The construction of the configuration of structure 10 is described in detail in the previously mentioned copending application Ser. No. 852,931. In that application, a layer of monocrystalline silicon is deposited on surface 14 of body 12 using any one of many well known techniques one of which is the thermal decomposition of silane in a hydrogen carrier. After the deposition of the silicon layer, the layer is masked to expose certain areas and the exposed areas are then etched down to the substrate with the unetched areas forming a body or island of silicon 16. Thereafter, island 16 is provided with a layer of dielectric or dielectrics 24 which may be formed either by the oxidation of the surface of silicon island 16 or by the thermal decomposition of silane in an oxidizing atmosphere. Island 16 is next provided with a polysilicon layer 18 (over layer 24) followed by a layer 20 of masking oxide, utilizing any one of many well known techniques. Layer 20 is then provided with a patterned layer of photoresist(not shown) and the exposed portion of masking oxide layer 20 is etched down to polycrystalline silicon layer 18 in order to allow the remaining, unetched portions of layer 20 to act as a mask for the subsequent etching of layer 18. At this point, all exposed portions of polysilicon layer 18 are removed by subjecting structure 10 to a buffered potassium hydroxide etchant which, not only removes the exposed polysilicon but will generally etch under the edges of masking layer 20. These techniques are also well known.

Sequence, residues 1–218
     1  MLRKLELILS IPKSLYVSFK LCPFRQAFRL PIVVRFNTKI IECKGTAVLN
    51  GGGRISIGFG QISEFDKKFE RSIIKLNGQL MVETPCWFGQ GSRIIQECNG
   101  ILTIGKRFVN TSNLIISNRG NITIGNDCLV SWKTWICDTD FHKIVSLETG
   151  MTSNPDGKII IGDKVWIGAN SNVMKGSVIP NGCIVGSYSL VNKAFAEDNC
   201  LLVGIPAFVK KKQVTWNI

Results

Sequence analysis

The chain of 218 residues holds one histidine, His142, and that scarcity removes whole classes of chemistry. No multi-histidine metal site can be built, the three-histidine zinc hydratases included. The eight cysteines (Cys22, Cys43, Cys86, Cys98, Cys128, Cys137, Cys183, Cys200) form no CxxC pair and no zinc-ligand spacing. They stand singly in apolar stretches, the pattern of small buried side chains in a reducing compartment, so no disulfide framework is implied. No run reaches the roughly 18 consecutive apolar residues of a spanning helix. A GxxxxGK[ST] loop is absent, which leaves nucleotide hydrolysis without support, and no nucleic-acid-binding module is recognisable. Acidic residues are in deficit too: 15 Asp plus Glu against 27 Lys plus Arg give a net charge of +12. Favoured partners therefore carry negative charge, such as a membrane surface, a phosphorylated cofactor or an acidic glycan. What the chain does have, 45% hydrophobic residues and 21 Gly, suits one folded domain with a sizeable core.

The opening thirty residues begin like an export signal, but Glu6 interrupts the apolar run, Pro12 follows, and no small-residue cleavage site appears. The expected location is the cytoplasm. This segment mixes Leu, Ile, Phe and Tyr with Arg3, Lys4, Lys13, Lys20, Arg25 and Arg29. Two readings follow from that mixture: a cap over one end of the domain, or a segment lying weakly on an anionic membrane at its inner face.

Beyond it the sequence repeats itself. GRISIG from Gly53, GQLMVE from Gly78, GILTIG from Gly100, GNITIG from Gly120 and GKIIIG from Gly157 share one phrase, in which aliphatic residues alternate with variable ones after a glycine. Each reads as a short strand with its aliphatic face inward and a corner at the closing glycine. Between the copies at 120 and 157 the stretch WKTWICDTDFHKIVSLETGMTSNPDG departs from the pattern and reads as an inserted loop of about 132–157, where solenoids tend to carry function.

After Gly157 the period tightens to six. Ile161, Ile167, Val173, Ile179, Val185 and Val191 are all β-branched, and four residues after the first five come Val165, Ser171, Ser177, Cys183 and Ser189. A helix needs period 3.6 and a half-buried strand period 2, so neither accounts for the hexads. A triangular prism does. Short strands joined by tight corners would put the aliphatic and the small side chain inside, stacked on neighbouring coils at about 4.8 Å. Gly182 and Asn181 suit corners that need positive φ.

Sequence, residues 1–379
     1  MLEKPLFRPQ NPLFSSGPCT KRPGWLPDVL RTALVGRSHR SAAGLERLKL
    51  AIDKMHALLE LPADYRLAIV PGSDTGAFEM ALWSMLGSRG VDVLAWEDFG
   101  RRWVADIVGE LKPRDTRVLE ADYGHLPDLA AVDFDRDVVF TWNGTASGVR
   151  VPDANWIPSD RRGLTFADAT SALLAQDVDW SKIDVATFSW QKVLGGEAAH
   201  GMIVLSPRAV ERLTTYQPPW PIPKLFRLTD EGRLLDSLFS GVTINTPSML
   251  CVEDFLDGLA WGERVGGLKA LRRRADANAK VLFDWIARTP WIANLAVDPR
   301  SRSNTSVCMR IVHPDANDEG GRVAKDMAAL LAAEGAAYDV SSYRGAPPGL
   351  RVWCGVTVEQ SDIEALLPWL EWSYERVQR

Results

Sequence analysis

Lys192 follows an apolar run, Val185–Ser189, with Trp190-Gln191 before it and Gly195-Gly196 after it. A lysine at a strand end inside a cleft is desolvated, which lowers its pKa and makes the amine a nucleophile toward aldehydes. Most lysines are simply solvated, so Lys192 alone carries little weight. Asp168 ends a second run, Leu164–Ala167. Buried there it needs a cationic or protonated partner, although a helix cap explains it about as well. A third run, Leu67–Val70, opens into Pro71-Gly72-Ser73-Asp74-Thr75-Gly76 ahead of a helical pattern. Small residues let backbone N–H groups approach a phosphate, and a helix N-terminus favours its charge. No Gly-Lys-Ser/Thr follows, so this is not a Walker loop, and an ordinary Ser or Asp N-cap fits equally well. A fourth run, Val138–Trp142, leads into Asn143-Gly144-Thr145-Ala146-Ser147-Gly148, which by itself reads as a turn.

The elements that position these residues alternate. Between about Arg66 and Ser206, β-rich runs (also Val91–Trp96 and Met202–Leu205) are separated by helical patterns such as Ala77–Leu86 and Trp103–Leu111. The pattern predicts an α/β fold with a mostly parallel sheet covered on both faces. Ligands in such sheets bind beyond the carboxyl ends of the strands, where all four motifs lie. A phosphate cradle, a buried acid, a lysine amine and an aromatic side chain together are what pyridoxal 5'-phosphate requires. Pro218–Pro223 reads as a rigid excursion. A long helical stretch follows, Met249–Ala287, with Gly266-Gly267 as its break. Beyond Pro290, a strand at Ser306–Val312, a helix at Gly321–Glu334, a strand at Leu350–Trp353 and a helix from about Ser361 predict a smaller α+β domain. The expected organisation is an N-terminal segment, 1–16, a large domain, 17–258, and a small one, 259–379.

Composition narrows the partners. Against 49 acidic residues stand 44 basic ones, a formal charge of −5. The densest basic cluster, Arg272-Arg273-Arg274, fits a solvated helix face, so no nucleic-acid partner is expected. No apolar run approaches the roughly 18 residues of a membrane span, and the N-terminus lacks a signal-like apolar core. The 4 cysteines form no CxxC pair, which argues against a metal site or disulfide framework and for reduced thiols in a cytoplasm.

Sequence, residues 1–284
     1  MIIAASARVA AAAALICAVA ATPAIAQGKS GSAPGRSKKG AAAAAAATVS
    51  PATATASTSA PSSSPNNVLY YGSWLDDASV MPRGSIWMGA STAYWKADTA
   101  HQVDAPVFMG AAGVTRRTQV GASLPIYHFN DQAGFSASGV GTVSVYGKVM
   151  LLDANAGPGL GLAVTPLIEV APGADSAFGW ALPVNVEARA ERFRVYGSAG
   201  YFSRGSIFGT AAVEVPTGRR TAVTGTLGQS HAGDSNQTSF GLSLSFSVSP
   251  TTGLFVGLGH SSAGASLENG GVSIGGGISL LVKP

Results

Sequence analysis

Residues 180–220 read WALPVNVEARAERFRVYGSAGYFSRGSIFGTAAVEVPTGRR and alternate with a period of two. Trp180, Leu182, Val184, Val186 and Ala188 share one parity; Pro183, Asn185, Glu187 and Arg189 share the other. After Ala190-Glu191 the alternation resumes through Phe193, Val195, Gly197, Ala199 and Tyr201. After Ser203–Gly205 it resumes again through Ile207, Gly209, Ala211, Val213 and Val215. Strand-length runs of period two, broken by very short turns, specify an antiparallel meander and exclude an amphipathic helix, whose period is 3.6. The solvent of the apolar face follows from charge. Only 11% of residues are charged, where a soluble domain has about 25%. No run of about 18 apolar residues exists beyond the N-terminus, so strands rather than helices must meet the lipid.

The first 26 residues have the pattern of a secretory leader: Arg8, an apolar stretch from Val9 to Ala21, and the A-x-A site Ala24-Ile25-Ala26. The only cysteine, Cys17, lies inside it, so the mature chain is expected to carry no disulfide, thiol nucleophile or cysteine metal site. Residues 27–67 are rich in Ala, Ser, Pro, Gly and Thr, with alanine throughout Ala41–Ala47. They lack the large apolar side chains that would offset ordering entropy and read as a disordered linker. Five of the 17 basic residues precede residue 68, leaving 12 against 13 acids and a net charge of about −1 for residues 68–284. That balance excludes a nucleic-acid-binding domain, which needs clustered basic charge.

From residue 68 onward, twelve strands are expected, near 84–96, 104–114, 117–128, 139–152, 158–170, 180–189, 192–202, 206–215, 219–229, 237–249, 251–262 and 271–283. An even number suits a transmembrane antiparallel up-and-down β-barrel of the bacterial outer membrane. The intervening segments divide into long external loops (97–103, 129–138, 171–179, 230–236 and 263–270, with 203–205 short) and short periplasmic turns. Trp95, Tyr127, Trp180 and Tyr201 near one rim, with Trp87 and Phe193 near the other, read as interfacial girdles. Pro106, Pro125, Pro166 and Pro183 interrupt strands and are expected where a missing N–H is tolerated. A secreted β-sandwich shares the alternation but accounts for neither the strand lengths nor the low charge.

Structure 10 is then subjected to a P-type dopant and heated. The particular dopant used for the P-type doping of the exposed portions of polysilicon layer 18 is boron which may be in the form of diborane. As indicated by arrows 22, the dopant gas will contact only the exposed edges of polysilicon layer 18 so that the dopant will diffuse into layer 18 laterally along the polysilicon layer, from the exposed edges inwardly thereof. This procedure forms a P-type doped polysilicon strip 18.1 along each of the exposed edges of polysilicon layer 18. Since the diffusion constant of boron into polysilicon layer 18 is well known, the diffusion of the dopant into layer 18 may be accurately controlled by monitoring the time and temperature of the diffusion. Accordingly, the width of the resultant doped polysilicon strips 18.1 can be accurately controlled to provide narrow widths. This boron doping step is carried on until the solid solubility of the boron dopant in silicon has reached its limit. Typically, a boron doping operation is carried on at a temperature of about 900° C. for about 100 minutes using diborane as the dopant until a solubility limit of about 2.3×1020 /cm3 conductivity modifiers has been reached.